Supreme Court: While deciding that whether Vaseline Intensive Care Heel Guard is to be treated as a skin care preparation or as a medicament having curative properties, the Division Bench of A.K.Sikri and R.F Nariman, JJ., held that the decision of the Tribunal (CESTAT) in holding Vaseline to be a medicament falling under Chapter Heading 3003.10 of First Schedule to the Central Excise Tariff Act, 1985, is justified and does not require any review.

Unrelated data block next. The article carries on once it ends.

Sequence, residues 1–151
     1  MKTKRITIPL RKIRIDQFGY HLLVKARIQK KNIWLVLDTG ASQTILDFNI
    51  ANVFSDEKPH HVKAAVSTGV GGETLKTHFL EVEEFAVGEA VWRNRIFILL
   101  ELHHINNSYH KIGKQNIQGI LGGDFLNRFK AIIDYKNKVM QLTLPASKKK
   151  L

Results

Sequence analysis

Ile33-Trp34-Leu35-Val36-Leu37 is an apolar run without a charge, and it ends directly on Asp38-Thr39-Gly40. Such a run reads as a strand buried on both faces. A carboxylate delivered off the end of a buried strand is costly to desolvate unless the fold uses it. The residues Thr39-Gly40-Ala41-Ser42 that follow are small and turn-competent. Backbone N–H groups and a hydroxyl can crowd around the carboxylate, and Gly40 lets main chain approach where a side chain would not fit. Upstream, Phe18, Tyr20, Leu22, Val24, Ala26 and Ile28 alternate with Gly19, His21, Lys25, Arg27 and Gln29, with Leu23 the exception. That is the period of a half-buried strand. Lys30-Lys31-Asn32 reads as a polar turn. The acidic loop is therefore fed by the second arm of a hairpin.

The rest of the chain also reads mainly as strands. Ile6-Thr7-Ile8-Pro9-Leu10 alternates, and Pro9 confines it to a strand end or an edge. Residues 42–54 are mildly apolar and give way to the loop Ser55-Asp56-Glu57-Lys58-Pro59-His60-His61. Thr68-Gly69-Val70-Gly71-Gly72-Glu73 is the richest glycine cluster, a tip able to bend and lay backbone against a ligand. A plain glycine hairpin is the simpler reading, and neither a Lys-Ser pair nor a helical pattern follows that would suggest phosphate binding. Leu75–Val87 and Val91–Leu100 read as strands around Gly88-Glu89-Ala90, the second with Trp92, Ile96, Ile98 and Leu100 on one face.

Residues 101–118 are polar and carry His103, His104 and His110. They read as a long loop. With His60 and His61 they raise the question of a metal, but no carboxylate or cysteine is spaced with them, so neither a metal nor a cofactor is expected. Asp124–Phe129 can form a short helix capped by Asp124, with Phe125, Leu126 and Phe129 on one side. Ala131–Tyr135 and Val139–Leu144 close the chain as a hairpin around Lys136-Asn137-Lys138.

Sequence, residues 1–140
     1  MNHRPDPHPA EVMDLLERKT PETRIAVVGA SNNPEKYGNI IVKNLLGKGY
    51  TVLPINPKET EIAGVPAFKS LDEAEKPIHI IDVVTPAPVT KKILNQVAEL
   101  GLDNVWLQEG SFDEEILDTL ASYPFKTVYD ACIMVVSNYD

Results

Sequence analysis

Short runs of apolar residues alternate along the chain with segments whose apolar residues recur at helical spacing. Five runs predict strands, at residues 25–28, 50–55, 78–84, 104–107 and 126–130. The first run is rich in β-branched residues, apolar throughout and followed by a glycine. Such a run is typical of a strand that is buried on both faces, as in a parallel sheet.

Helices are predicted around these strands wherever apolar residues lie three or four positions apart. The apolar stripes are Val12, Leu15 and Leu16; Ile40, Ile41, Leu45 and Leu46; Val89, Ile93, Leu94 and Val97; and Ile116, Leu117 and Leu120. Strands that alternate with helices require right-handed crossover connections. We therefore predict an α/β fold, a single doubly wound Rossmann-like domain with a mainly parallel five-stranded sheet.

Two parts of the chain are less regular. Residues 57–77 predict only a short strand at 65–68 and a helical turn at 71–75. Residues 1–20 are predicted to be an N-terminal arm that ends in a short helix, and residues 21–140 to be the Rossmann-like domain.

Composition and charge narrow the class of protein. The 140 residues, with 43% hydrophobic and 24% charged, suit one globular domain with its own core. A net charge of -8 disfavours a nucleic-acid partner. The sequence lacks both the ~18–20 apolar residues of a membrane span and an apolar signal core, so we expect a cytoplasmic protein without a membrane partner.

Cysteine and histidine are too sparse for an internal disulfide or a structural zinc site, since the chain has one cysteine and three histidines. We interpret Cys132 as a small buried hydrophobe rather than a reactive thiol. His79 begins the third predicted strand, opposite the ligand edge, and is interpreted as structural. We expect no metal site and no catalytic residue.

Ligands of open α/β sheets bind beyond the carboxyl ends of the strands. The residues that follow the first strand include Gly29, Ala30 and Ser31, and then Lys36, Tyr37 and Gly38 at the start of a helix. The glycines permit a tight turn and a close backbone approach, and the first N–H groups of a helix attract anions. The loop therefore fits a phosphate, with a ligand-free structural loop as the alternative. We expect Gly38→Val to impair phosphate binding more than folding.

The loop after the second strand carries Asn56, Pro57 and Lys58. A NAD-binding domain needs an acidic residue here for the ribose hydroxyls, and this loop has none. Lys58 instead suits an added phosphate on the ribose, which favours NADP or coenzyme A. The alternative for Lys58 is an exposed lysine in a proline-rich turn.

Vaseline being a product having the qualities of both skin care and to cure skin disease, therefore the dispute arose. The Court referring to the principles laid down in Commissioner of Central Excise, Mumbai v. Ciens Laboratories, (2013) 14 SCC 133, observed that presence of small percentage of curative ingredients would not be a reason to conclude that pharmaceutical constituents are subsidiary in nature, and the function of the product is to be given more relevance. The Court agreeing with the observations of the Tribunal stated that, Vaseline has been marketed as a solution for cracked heels and the essential function of the product is treatment of heels and further protection from cracks in heels. The resultant smoothening of skin after the use of Vaseline is secondary in nature. The Court further observed that the Department adopted an erroneous approach in ignoring the basic features of the product and also did not discharge its burden of proof to provide evidences proving the product to be a skin care preparation. Commissioner of Central Excise v. Hindustan Lever Ltd. 2015 SCC OnLine SC 753, decided on 25-08-2015